After that thorough brushing session, it’s the ideal moment to floss between all teeth, and behind the last teeth in your mouth. You want to gently bring the floss down along the side of each tooth, gently pushing down past the gum line, and pulling up any trapped food debris and leftover plaque accumulation on your way back up. — The Things We’ll Make (Ariza, 2013-2017).
DISCLAIMER: This post is meant to be informative only. It is not meant to diagnose or treat any medical condition. While I use this homemade toothpaste recipe myself, I also recognize that there are many dentists who will only approve of fluoridated toothpastes with the ADA seal. (The ADA will only place their seal on toothpastes with fluoride in them.) Keep that in mind when choosing what toothpaste to use. — adapted from The Things We’ll Make (Ariza, 2013-2017).
HOMEMADE TOOTHPASTE RECIPE | REMINERALIZING
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My recipe is adapted from Weed em and reap blog (Wolford, 2018). Her toothpaste uses filtered water, but I used my unaltered well water. She also added baking soda which I left out for reasons listed above. I didn’t have trace minerals so I left that out. And I changed up the sweetener. Other than that, it is exactly the same!
Heat water to hot.
Put all other ingredients in the food processor, add the hot water and pulse until smooth (no more bumps).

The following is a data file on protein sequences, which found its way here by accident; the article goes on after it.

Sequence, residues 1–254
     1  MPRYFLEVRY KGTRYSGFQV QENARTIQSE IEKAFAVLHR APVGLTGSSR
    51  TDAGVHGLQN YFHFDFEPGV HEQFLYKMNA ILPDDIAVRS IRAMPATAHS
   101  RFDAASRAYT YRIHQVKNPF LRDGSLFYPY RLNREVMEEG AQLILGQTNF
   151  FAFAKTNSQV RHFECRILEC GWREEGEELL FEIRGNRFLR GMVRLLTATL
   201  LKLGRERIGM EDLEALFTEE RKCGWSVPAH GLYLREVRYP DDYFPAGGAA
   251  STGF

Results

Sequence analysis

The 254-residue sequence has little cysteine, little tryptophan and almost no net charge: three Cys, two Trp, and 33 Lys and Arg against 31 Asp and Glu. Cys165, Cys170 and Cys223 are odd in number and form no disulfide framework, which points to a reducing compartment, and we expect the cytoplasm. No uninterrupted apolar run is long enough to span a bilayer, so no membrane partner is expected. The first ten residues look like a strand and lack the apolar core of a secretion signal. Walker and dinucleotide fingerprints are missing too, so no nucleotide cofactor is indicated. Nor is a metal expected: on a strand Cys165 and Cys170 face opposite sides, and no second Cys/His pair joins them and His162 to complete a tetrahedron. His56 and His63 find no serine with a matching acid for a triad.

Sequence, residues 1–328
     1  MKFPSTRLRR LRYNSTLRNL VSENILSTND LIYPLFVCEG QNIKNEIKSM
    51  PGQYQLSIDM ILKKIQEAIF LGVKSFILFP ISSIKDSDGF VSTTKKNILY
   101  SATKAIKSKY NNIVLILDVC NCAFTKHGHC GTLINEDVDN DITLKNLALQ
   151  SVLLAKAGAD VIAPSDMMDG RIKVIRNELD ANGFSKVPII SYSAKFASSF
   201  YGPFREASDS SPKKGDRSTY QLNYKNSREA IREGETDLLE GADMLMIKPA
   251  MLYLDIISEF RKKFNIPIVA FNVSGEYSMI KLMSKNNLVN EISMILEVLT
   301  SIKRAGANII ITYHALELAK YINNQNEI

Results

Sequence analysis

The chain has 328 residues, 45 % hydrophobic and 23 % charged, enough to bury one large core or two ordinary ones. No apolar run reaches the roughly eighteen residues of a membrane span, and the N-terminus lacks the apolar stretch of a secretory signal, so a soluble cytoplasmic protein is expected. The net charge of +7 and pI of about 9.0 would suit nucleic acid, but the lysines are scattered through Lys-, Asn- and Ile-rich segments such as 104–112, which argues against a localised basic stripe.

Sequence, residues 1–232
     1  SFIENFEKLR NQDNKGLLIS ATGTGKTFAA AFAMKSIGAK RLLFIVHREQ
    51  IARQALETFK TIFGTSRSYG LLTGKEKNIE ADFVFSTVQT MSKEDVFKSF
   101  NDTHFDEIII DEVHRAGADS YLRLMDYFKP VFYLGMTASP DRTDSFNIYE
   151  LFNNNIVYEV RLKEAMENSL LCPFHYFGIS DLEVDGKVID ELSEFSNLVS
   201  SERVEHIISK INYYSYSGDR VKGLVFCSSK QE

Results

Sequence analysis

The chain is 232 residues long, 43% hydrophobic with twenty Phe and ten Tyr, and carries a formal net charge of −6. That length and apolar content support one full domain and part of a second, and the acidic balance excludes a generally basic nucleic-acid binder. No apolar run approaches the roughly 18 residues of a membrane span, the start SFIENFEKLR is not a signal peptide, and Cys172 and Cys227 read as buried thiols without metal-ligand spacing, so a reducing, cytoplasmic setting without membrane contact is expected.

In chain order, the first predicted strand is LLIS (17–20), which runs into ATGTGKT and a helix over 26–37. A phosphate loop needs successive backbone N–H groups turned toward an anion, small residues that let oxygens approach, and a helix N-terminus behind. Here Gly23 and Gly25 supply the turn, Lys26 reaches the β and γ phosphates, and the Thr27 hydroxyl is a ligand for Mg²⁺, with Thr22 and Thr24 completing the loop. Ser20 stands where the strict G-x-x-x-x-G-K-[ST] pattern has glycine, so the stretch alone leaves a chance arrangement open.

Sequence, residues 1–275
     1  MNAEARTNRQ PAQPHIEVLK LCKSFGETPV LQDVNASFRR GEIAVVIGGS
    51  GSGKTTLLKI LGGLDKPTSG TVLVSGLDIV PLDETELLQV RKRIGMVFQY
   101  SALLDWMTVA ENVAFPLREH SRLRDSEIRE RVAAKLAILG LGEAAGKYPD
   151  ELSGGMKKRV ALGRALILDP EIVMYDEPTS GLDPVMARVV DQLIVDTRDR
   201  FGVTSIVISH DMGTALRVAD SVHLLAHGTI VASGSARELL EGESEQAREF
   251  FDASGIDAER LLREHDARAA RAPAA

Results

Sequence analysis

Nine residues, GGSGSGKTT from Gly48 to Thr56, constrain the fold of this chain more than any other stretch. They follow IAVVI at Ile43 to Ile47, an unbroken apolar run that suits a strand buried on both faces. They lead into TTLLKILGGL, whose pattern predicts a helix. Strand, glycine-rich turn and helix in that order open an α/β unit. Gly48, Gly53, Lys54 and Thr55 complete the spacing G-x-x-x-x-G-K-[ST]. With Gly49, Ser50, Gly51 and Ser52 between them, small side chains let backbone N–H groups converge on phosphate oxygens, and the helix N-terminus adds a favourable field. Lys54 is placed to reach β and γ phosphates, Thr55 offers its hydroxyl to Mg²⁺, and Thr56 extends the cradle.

Store in a glass mason jar or a silicone squeeze tube for up to 3 months.
My experience with this is that the taste is okay. The texture is smooth with no lumpy chunks, slightly gritty, and pasty like commercial stuff, but it is grey.
And gritty. As long as I don’t chomp down my teeth together for about five minutes or so, I can live with it.
I think I will add about another 5-10 drops of OnGuard and another 5 d
rops Peppermint in my next batch. It isn’t as oily as I originally thought. I’d heard of oil pulling and couldn’t actually do it. I don’t like overly greasy stuff in my mouth. But this is not oily feeling. I’ve been watching for that.
The first impression is grit and OnGuard. It is not hard even in the dead of winter, because of the water and the clay worked up in the food processor into an emulsion, the same way the hand lotion is. After about 30 seconds of gently brushing and another surprising feel developed. It is a squeaky feel, somewhat astringent. I like it as it feels clean. I only use a pea-sized glob, and I spit excess down the drain. I run hot water as I spit, and I don’t see it getting oily in the water, either.
With the next post, I will provide some rationale for each ingredient in toothpastes, the Good, the Bad, the Ugly.
UPDATE 26 July 2018 — I just made up another batch. This was in the summer, when the coconut oil at room temperature is liquid. I still used hot water, and instead of a food processor, I used my metal bowl and beaters. Yes, I am aware of that argument about Bentonite Clay is to never touch metal, but I work with what I have, ok? I doubled the batch, and whipped it into a frenzy, almost looking like whipped cream when it cooled down. Then I divided it into two pint wide-mouth mason jars. That should take me to the next year, actually.
Ariza, T. (2013-2017). Natural Homemade Toothpaste Recipes & Tips from a Dentist. Retrieved from Oh, the Things We’ll Make: https://thethingswellmake.com/natural-homemade-toothpaste-recipes-tips-dentist/
Watson, K. (2010). Thursday is Request Day — Apple, Fountain, Teeth, Bulldog. Retrieved from Graphics Fairy: https://thegraphicsfairy.com/thursday-is-request-day-apple-fountain-teeth-bulldog/
Wolford, D. (2018). Homemade Remineralizing & Whitening Toothpaste Recipe. Retrieved from Weed ’em & Reap: Urban Farming, Healthy Living: https://www.weedemandreap.com/diy-toothpaste-recipe/